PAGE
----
Don’t be one of those traders.
Trading Backtesting Software
As mentioned earlier you can backtest a strategy using replay software, running a simulation on an algorithm, or by manually testing with your charting software.
Let’s look at some software companies than can help you with each style.
Replay Backtesting Software
TradingView – TradingView is a very popular web based charting platform that offers a replay option that they call rewind.
MotiveWave – MotiveWave is the platform I personally use and what all the images in the blog are generated from. They have a replay function that I know some of our members have used and been happy with.
Algorithmic Backtesting Software
TradeStation – TradeStation has always been a leader when it comes to automated trading. TradeStation’s proprietary programming language, EasyLanguage, allows you to design customized indicators and trading strategies using English-like statements.
MetaTrader 4 – MT4 is a popular among Forex traders. MT4 has a strategy tester for the expert advisor you code. MetaQuotes is based on the concepts of the popular С++ programming language
NinjaTrader – NT is very popular among futures algorithmic traders. NT8 is based on C# programming language.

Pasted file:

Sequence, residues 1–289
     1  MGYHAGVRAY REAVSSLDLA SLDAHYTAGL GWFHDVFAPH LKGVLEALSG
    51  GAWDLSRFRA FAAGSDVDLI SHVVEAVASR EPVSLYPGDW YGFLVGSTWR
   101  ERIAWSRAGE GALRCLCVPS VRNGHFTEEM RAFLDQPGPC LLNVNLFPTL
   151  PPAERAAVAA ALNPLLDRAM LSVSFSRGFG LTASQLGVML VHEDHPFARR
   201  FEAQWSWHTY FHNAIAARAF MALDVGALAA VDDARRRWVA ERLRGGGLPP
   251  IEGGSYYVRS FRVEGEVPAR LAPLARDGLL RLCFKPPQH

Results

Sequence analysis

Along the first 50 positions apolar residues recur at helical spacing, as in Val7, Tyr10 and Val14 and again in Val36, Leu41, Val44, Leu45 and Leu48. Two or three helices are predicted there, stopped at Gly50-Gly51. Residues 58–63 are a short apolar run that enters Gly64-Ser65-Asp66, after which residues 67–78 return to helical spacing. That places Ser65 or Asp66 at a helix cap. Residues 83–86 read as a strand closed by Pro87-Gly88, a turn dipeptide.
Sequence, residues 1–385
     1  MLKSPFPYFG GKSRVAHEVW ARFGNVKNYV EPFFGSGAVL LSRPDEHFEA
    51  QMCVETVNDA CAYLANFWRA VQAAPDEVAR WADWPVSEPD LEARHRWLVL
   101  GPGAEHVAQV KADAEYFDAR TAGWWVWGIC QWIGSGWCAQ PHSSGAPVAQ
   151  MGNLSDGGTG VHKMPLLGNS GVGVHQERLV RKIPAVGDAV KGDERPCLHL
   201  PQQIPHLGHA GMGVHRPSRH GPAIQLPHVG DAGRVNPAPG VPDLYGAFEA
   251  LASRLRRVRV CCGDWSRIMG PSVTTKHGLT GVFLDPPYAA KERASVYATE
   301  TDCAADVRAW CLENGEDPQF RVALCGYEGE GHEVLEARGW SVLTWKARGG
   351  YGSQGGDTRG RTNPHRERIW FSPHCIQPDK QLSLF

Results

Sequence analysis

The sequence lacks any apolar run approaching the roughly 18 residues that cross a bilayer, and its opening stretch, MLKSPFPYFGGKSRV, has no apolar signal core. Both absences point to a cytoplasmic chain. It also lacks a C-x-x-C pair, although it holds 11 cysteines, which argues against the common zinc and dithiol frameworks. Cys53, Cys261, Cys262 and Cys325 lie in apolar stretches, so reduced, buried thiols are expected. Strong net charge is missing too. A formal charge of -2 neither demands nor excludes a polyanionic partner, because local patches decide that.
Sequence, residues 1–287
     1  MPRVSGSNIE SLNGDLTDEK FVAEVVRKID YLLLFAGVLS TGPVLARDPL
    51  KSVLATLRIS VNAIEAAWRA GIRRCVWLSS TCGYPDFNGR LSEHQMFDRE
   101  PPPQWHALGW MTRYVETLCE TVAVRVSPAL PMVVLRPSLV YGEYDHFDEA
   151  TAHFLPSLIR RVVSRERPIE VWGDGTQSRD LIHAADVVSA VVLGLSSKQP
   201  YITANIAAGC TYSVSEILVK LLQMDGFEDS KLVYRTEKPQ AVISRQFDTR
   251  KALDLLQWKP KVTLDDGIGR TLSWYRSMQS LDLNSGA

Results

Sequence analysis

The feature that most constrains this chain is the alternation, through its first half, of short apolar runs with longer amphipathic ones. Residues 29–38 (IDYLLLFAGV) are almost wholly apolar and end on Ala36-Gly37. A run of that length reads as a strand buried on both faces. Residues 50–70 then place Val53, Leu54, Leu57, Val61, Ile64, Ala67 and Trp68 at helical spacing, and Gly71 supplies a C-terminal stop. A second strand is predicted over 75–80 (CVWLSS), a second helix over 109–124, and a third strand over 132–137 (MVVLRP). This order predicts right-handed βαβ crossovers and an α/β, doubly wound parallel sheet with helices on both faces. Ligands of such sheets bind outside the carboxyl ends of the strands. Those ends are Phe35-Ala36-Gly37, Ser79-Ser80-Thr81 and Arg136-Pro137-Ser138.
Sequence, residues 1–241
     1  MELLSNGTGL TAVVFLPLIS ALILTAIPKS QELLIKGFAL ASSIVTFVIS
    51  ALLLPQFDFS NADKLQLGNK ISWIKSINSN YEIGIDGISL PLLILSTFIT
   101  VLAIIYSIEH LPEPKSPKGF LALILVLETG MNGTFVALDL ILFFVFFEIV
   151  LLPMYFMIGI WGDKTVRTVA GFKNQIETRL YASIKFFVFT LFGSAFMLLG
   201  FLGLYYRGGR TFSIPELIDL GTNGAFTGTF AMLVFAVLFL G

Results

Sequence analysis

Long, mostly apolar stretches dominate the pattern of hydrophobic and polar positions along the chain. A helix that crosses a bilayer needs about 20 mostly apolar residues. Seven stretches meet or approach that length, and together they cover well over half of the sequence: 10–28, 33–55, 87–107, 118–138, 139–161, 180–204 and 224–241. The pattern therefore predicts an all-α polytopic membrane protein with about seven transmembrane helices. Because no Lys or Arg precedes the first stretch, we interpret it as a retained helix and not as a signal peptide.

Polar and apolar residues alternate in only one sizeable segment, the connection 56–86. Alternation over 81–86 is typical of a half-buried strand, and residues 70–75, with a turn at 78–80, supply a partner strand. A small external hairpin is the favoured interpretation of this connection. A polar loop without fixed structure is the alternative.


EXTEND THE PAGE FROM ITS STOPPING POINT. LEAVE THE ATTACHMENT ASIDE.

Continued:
I’d like to mention quick that the odds of you learning to program and creating a successful trading algorithm are close to zero. I realize that algo trading and the idea of making money while you sleep or without any input sounds sexy, but it’s just simply not the case.
Large firms will spend millions of dollars hiring the brightest quant researchers and programmers yet most of them still fail to ever develop a profitable strategy.
The ones that do, typically are relying on some sort of market manipulation which requires a lot of capital or found an arbitrage opportunity. Furthermore, the employ the fastest programs, data processing, and market connections to cut down on slippage which is the achilles heel for a lot of algo strategies.
I’m not saying it can’t be done, but if you’re new to trading it would not be where I would start as you most likely will just go in circles.
Hands down my favorite free backtesting software is Google Sheets (or Excel).
Ever strategy is different in terms of instruments traded, entry methods, trade management, risk management making it very difficult to create a one size fits all piece of software for backtesting.
With Google Sheets, you can manipulate data to fit your analysis needs. Most backtesting software is not going to be open source, so what you get is what you get, not the case with a simple old spreadsheet.
Learning to build and analyze spreadsheets will also help you down the road with strategy development.
I feel the same way about trade journals to be honest. They all have their limitations. The only limitation to Excel or Google Sheets is your knowledge.
Something easily solved with a quick Google or Youtube search. If you want to be a successful day trader you need to be a self learner, and I highly advised you get comfortable with spreadsheets.
To get you started, I’m going to give you a backtesting template that will cover the majority of your backtesting needs.